Sophia Chen, Ms. Deniz O Igan, Mr. Nicola Pierri, and Mr. Andrea F Presbitero
We use high-frequency indicators to analyze the economic impact of COVID-19 in Europe and the United States during the early phase of the pandemic. We document that European countries and U.S. states that experienced larger outbreaks also suffered larger economic losses. We also find that the heterogeneous impact of COVID-19 is mostly captured by observed changes in people’s mobility, while, so far, there is no robust evidence supporting additional impact from the adoption of non-pharmaceutical interventions. The deterioration of economic conditions preceded the introduction of these policies and a gradual recovery also started before formal reopening, highlighting the importance of voluntary social distancing, communication, and trust-building measures.
International Monetary Fund. Western Hemisphere Dept.
This chapter presents Ecuador’s Request for Purchase Under the Rapid Financing Instrument (RFI) and Cancellation of Arrangement Under the Extended Fund Facility (EFF). Ecuador is facing urgent and immediate balance of payment (BOP) needs driven by the sharp propagation of the coronavirus disease 2019 outbreak—Ecuador is one of the hardest hit countries in Latin America—a plummeting of oil prices, and a dramatic collapse of global demand. In the near term, the authorities have taken significant measures to contain the spread of the virus and mitigate the socio-economic impact. Containment measures include the closing of schools and universities, public spaces and noncritical commercial activities, halting public transport, and imposing a nationwide curfew. Additional support from other external partners will be required and critical to close the remaining financing gap and ease budget constraints. The RFI will help Ecuador finance the much-needed health and social assistance spending and catalyze financing from other multilateral financial institutions.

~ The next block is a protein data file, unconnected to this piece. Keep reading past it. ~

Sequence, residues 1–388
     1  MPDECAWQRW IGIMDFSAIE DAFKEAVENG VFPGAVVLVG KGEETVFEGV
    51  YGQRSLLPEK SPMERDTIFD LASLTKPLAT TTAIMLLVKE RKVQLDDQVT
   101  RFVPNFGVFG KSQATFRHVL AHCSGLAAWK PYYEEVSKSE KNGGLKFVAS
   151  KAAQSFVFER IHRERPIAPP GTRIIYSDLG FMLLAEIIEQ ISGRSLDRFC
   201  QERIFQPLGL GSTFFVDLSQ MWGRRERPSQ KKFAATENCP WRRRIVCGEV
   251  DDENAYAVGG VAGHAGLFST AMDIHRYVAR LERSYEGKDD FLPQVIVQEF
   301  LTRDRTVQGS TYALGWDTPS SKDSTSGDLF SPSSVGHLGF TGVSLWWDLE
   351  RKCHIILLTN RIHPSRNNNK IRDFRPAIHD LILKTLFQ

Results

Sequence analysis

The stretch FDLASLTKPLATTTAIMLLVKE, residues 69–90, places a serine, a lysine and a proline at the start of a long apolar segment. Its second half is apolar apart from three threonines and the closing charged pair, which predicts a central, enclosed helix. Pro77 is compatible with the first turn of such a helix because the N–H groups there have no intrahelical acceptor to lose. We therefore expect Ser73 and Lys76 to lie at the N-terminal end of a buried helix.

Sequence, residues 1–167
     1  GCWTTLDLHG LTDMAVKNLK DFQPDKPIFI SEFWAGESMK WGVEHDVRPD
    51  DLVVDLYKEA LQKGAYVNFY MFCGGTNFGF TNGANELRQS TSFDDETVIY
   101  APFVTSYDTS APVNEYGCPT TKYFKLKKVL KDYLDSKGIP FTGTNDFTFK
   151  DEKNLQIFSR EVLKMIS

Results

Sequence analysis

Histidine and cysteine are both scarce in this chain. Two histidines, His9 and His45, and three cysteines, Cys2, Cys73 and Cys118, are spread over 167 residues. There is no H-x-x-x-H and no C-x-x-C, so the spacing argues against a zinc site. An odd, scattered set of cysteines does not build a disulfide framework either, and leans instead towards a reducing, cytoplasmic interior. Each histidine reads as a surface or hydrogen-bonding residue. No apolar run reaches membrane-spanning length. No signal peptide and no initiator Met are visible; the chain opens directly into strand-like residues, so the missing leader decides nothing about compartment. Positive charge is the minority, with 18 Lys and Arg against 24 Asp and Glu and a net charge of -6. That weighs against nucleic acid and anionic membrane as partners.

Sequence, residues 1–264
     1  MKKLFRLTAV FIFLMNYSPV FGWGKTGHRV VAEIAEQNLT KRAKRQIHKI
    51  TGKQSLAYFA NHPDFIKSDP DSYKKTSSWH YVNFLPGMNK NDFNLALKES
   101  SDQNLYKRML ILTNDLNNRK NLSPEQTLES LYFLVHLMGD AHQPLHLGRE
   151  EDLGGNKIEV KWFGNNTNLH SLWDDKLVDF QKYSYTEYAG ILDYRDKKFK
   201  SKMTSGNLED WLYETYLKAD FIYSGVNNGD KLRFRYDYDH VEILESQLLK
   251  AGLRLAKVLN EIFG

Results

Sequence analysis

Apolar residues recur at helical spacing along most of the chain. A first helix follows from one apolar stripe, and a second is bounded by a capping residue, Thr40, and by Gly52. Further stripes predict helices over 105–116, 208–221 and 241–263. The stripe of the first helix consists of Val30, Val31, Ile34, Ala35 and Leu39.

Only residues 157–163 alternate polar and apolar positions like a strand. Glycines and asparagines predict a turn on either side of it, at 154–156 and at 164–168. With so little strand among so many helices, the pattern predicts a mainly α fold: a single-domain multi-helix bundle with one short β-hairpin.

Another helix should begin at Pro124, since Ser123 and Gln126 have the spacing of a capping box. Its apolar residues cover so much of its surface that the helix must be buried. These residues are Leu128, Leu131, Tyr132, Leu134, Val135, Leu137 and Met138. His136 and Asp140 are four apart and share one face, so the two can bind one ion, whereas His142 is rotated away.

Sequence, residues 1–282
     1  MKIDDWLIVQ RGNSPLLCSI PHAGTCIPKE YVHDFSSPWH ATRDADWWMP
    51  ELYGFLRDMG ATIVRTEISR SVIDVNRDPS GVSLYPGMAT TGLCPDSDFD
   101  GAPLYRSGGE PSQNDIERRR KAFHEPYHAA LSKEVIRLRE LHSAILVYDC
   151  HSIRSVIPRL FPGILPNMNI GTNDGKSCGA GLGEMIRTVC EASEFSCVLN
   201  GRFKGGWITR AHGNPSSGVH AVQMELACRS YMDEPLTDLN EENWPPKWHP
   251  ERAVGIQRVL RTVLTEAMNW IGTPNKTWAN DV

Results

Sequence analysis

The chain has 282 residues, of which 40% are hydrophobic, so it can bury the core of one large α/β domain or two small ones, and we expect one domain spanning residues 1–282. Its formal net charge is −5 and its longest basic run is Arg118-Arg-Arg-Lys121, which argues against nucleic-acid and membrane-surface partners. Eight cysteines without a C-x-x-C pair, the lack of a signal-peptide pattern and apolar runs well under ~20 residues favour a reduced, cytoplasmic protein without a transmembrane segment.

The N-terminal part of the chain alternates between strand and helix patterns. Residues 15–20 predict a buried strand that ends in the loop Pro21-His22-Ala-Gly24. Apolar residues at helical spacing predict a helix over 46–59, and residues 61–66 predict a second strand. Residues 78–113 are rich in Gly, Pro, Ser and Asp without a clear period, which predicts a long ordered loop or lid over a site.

International Monetary Fund. Middle East and Central Asia Dept.
This paper presents Jordan’s 2020 Article IV Consultation and Request for an Extended Arrangement Under the Extended Fund Facility (ECF). Jordan’s IMF-supported economic reform program is anchored on structural reforms designed to spur growth by creating jobs—especially for women and young people—and reduce poverty. The Jordanian economy has continued facing significant challenges. Macroeconomic stability and external buffers have been preserved, but fiscal vulnerabilities remain. Structural reforms and continued fiscal consolidation efforts are critical to lift growth, reduce unemployment and bring debt on a downward path. Continued support from donors, particularly through concessional loans and budget grants, will be critical to help Jordan cope with humanitarian and economic needs. The coronavirus disease 2019 (COVID-19) outbreak poses significant risks to the program implementation. The authorities have implemented measures to help contain the impact of the pandemic; however, adjustments to the program modalities might be necessary considering the rapidly changing circumstances. Donor support through budget grants and concessional financing will be critical to help Jordan cope with the effects of the COVID-19 outbreak and the Syrian refugee crisis and to support program objectives.